Working from home – where's the media coverage?


Given the major problems of road traffic congestion, pollution, fossil fuel usage and road accidents (a far bigger cause of deaths than terrorism), you'd think an effective, easy-to-implement solution (such as encouraging companies to allow staff to work from home) would attract major media coverage, but it seems conspicuous by its absence.

We suspect the primary resistance is from big companies, which don't like major changes in working practices, despite their self-congratulatory PR about how "visionary" and "forward-thinking" they are.

Meanwhile, the UK government announces its own "solutions" (generating media coverage), the most "forward-thinking" of which is to widen roads.

Any journalists reading this should consider the following (we think this issue deserves much more prominent coverage):

• A survey of British Telecom home-workers estimated that 3,149 miles a year, on average, were saved per person working at home (compared with travelling to the office). Most of these miles would have been by car rather than by public transport. (Source: Motors and Modems revisited, a report by NERA – National Economic Research Associates)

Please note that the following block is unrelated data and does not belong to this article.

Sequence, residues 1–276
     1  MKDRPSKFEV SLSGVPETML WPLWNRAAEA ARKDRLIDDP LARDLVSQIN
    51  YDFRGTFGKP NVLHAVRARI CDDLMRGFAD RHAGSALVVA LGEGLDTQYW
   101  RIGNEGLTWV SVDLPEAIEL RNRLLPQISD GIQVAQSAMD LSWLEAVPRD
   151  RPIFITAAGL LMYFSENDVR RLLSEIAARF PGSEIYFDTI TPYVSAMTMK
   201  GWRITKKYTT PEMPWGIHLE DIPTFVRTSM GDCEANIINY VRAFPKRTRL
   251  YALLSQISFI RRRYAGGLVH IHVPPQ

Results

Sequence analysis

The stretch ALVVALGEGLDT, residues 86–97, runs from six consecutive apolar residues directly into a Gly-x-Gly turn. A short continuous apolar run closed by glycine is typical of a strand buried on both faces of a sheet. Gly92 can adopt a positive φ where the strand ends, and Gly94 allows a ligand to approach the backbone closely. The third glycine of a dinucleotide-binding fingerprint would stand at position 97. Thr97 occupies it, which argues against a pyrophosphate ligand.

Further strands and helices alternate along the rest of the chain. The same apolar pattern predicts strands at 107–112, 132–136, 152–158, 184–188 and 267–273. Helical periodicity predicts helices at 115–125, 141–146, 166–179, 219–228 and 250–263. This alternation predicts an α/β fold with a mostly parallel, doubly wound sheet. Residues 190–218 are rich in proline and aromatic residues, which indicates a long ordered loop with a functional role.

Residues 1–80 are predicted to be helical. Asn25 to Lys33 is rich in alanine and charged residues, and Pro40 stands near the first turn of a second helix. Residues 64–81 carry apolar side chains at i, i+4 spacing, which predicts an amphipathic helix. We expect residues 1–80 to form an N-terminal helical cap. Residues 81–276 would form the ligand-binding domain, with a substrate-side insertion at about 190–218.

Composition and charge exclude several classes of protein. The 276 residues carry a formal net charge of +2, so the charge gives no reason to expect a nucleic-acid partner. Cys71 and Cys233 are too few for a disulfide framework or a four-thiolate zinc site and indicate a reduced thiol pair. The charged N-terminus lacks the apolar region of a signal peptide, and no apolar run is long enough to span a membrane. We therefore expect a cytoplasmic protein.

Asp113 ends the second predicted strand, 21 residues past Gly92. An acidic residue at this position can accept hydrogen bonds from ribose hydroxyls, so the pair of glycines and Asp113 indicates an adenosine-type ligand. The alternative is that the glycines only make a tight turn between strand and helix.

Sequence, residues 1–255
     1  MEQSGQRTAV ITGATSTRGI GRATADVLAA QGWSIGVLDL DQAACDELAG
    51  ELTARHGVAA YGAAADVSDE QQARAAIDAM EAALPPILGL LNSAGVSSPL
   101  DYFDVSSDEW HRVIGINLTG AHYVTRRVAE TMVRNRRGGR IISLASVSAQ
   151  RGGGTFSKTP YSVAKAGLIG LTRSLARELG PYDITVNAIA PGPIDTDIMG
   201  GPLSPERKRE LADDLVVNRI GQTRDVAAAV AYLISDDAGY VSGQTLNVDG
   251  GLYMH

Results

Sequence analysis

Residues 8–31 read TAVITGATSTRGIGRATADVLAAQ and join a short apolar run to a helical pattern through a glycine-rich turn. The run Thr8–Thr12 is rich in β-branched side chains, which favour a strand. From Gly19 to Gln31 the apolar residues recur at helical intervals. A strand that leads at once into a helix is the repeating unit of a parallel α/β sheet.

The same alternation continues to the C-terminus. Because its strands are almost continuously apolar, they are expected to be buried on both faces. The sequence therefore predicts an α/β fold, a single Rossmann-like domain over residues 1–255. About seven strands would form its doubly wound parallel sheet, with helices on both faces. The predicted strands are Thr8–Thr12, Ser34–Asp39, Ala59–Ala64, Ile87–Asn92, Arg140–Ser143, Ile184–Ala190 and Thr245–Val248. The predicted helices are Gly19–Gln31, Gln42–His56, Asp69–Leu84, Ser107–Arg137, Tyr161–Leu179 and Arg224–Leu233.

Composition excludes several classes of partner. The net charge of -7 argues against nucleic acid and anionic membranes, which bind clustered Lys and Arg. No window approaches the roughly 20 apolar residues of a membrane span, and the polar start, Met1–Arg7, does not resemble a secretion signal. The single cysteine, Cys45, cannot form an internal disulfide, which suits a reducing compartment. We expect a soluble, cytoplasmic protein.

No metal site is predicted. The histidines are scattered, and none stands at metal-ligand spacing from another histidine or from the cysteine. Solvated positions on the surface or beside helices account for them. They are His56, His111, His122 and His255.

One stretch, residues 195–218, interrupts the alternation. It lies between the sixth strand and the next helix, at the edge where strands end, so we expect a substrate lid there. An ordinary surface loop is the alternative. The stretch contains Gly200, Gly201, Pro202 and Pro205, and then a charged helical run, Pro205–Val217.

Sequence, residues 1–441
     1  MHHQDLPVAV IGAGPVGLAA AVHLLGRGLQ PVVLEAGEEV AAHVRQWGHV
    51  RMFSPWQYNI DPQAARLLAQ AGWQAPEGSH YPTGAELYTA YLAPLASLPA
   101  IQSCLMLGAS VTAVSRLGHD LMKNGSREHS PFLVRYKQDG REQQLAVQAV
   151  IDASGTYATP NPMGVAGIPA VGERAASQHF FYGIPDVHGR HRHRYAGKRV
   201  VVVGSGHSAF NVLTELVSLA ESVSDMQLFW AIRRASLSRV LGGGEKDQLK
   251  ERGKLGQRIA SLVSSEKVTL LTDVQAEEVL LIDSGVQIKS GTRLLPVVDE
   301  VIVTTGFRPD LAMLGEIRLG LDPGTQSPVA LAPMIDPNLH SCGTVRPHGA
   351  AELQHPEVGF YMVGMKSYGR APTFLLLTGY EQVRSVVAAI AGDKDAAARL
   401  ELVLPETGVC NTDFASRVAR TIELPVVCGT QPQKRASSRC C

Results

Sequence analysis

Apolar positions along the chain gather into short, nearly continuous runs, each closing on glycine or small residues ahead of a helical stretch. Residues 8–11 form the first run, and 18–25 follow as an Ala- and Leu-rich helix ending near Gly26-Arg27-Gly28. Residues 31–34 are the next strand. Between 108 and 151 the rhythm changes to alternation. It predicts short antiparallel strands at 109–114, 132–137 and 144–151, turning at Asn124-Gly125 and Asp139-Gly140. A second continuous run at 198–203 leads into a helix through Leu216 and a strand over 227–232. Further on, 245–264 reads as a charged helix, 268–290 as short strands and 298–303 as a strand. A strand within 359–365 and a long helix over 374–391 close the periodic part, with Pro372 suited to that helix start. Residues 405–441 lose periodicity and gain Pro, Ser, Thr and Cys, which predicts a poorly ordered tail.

• A previous NERA report claimed that working from home could reduce commuter traffic by 15% and save the country congestion costs of up to GBP1.3 billion. (Source: From Motors to Modems, NERA)

• According to Edmund King, executive director of the RAC Foundation: "If each employee could work from home just one day per week we would see a 20% cut in [road] traffic."

• A recent report by the Work Foundation think-tank says: "All the evidence points to homeworking being remarkably productive. Fewer days are lost to illness, commuter stress is avoided and there is less time-wasting... In contrast, office staff are frequently judged by the number of hours they spend there. In too many organisations, managers reserve the right to work from home for themselves, but remain suspicious when staff want to do it." [Our bold]

The report also says that employers need to give up their "Big Brother" obsession with keeping staff where they can see them.,,170-685017,00.html